What is in your workout? Do you combine balance & strength training? Here are some benefits:
—>Increases strength and muscles mass. Muscle loss happens through aging and a lack of regular exercise. Add balance with that and it helps with muscle isolation – during balance training you have to maintain stabilization and you are force to engage and individual muscle predominantly so that you are not using other muscles to help you “cheat”.
—>Increases metabolic rate. Sensible strength training result in the use of more calories all day long and reduces the likelihood of fat accumulation. Add balance with that and your body has to work that much harder to stabilize – in turn this helps you to burn more calories.
—>Increase bone mineral density. Slowing down the rate of bone mineral density loss can decrease chances of osteoporosis in later life. Add balance and it helps with core stabilization and this in turn helps to improve your coordination, athletic skill and posture.
How should you fuel your body for a morning workout?
A low-intensity morning workout — such as a walk, bike ride, yoga or round of golf — requires very little fuel. Concentrate on hydration and a small carbohydrate-rich snack, such as 16 ounces of water and a mini-bagel or a 100-calorie granola bar. That will give you enough energy to compensate for an overnight fast without loading up on calories. For a higher intensity workout using an electrolyte option (love the Shaklee Hydrate +) with a carbohydrate like a snack bar is the perfect way to get natural fuel.
After your workout, eat a smart breakfast of quality carbohydrates and protein. This can be a hard-cooked egg, a slice of whole-grain toast and 100-percent fruit juice, or oatmeal with berries and your choice of milk. Personally, I love the recovery benefits of the Shaklee 100% grass fed whey Build mixed with the Shaklee Life Shake meal replacement. The perfect low glycemic, leucine packed for muscle preservation and balanced carb/protein/fat combo.
Here are some ingredients that we want to avoid in our cabinets!
✔I realize this is a long list, but when you have a chance, begin to investigate those items in your pantry that you may be on the fence about! Of course, having something once or twice will likely not do permanent damage, but being more aware is key!
There have been great advances in food preparation in the last century. These days, well over half of the foods that we can buy in a typical supermarket are pre packaged or prepared. They need either no or minimal preparation before being ready to eat. However, there is a dark side to this convenience. Most of the foods on our shelves also contain chemicals and additives that are known to harm either the human body or laboratory animals. If they harm animals, they can harm you too. Most of the ingredients that you should avoid fall into one of three areas: food additives, artificial sweeteners and artificial colors. More and more experts are agreeing that you are wise to try to avoid as many chemicals in your foods as possible. By shopping in mostly the produce, dairy and meat sections of your grocery store, you can avoid many of the harmful food additives listed below. However, all of us need to be on our guard, because some of these ingredients also are used in meats, dairy products and even produce. What does this have to do with Public health? The health of our country is determined by the things we consume. This ultimately adds massive costs to our healthcare system as more and more people experience disease from eating processed foods and additives.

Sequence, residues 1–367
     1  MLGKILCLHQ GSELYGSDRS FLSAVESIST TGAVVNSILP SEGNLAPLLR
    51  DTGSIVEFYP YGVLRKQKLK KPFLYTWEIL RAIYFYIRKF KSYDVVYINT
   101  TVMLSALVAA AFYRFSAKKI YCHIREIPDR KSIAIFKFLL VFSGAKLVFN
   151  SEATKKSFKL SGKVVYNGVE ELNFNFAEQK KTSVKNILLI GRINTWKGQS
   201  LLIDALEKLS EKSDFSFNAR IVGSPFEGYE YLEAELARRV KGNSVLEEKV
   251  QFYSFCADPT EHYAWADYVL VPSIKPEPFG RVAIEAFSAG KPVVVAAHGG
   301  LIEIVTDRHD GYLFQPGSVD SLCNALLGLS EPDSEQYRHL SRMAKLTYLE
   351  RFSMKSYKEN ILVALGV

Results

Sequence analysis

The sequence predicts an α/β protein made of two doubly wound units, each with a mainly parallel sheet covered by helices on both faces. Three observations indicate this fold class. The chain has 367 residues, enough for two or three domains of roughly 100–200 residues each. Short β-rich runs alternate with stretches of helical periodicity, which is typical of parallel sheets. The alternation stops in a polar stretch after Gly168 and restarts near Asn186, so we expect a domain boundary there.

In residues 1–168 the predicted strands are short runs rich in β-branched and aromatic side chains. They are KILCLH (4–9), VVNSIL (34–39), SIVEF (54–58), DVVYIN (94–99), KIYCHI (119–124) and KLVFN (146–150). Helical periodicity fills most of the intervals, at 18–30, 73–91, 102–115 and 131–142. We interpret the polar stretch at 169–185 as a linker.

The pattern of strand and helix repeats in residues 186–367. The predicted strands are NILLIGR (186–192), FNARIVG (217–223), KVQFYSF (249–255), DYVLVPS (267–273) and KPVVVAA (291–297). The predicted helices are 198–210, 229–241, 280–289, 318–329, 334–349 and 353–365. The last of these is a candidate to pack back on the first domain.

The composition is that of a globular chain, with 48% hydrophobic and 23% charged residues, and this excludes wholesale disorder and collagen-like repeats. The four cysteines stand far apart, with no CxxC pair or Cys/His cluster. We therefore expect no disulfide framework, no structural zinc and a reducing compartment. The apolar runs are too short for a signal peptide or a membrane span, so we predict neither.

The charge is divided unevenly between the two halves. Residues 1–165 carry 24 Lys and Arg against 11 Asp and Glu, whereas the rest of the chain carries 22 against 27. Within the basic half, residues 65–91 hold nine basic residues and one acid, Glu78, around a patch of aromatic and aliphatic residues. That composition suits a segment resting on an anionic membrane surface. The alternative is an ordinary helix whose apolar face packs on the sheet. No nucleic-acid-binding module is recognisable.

Food Additives to Avoid
While FDA generally recognizes most additives on this list as ‘safe,’ there are growing concerns about the safety of many common food additives, if consumed in large quantities.
Sodium nitrate: Added to processed meats to stop bacterial growth. Linked to cancer in humans. (Worst Offender)
Sulfites: Used to keep prepared foods fresh. Can cause breathing difficulties in those sensitive to the ingredient.
Azodicarbonamide: Used in bagels and buns. Can cause asthma.
Potassium bromate: Added to breads to increase volume. Linked to cancer in humans.
Propyl gallate: Added to fat-containing products. Linked to cancer in humans
BHA/BHT: A fat preservative, used in foods to extend shelf life. Linked to cancerous tumor growth.
Propylene glycol: Better known as antifreeze. Thickens dairy products and salad dressing. Deemed ‘generally’ safe by FDA.
Butane: Put in chicken nuggets to keep them tasting fresh. A known carcinogen.
Monosodium glutamate (MSG): Flavor enhancer that can cause headaches. Linked in animal studies to nerve damage, heart problems and seizures.